From Über-emitters to Street sleepers: Individualising responsibility for climate change

In 2010 as part of my thesis I recorded many discussions on climate change. The discussions involved 64 participants who took part in 11 focus groups; 19 of them also sat for interviews. The total transcribed recordings came to approximately 380,000 words, which is an enormous amount, especially considering Galway University guidelines recommend a maximum of 80,000 words for a PhD thesis. What struck me about those conversations is that during the vast amount of time talking about climate change the role of inequality barely featured. This was despite recruiting very diverse groups (e.g. climate change activists, organic growers, former Steiner students, business persons, farmers). In four groups class emissions appeared indirectly such as in a derogatory comment about a guy driving a big car. These comments were never spontaneous but instead they arrived after I introduced leading cues. Some climate change activists I interviewed produced a broadened global class framing of climate change inequalities using a North-South subtext: the narrative of the developed North having a historically advantageous and exploitative relationship to the global South. For example pseudonymous Sarah recalled meeting campaigners from the developing world who drew her attention to how she benefits “every day from the privilege of [her] carbon intensive society” through “nice clothes” and “warm houses”. Still no references appeared in that focus group, or the accompanying life histories, of the social imbalance in domestic emissions. Broadening class emissions to global dimensions is a narrative that is in danger of mystifying, through this broader frame, the specifics of higher emitters from a country’s upper and middle classes.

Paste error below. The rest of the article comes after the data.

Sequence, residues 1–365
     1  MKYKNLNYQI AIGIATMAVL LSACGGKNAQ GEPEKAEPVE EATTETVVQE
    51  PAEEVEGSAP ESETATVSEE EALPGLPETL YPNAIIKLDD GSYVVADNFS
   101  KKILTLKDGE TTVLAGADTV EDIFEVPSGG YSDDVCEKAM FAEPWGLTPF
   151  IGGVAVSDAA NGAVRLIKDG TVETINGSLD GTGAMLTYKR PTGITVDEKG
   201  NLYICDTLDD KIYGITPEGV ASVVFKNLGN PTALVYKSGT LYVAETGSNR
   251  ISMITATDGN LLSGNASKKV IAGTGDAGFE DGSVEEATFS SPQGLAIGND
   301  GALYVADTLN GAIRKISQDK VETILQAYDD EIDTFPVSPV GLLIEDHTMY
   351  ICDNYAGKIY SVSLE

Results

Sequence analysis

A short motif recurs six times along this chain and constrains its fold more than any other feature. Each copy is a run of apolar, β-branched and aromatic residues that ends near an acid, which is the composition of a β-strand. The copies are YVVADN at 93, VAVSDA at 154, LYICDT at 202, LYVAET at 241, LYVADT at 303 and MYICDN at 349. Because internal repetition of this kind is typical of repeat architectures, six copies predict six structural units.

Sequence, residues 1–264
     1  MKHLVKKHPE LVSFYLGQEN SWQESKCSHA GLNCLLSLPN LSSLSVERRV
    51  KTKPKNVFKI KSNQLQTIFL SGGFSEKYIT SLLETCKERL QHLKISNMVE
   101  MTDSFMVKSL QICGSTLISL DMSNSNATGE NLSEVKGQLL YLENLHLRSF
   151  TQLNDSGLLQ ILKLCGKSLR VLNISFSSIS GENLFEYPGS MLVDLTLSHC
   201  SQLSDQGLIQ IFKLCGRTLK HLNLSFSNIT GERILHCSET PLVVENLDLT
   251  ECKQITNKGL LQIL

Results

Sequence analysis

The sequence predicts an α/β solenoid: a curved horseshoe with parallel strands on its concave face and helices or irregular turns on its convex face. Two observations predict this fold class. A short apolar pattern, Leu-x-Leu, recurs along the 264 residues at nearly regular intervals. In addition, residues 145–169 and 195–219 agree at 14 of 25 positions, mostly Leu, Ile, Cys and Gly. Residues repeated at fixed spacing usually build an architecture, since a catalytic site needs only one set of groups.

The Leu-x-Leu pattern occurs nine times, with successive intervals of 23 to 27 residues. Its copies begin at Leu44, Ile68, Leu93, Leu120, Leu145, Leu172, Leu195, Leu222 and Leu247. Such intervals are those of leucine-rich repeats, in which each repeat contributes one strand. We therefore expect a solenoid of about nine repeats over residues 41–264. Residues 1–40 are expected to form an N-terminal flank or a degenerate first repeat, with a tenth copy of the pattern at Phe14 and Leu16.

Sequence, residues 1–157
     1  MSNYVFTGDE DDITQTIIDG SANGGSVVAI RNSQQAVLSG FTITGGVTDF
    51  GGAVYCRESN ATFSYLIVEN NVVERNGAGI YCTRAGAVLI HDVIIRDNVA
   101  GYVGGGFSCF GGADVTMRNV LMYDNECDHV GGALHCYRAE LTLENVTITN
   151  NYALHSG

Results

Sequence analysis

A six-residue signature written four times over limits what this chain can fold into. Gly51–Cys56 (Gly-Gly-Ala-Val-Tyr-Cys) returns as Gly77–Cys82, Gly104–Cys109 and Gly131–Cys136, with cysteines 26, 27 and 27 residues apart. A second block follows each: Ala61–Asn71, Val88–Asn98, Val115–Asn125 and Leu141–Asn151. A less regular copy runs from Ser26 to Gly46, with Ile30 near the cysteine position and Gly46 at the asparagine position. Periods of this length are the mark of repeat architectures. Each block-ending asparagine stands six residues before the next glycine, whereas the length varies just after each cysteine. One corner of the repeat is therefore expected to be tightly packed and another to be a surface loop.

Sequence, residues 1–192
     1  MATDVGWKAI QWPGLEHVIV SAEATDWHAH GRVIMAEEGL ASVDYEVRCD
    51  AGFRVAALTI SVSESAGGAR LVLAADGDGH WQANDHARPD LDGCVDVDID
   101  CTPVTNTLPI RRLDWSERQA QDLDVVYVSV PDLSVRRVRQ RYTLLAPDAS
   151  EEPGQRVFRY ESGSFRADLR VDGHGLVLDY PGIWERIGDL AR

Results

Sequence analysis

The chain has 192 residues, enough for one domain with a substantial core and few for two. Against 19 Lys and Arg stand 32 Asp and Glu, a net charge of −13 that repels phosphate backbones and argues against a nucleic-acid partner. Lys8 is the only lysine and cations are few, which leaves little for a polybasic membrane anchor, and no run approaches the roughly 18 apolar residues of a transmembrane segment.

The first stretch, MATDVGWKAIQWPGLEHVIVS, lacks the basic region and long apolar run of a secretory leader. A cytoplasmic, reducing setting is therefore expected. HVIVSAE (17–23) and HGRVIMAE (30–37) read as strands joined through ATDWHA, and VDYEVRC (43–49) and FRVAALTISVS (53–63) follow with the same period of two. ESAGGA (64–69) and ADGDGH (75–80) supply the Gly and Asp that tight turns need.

For me the relegation of the role of these class emissions to the unsaid points to its diminished salience among my participants. Apologies for not producing a nice sciency content analysis of the media however I have been a voracious reader of English language climate change news over the years and rarely do I find the unequal responsibility for domestic greenhouse gas emissions being addressed. This is not to simplistically equate A with B – media reporting with the words of my respondents – as doubtless other structural factors are also at play such as the depolitization of civil society, the rise of economism, the weakening of unions, the tread softly “appeasement” approach of prominent environmentalist groups etc. However evidence from the UK suggests a clear and important class imbalance exists which is worthy of a place in public climate change debate.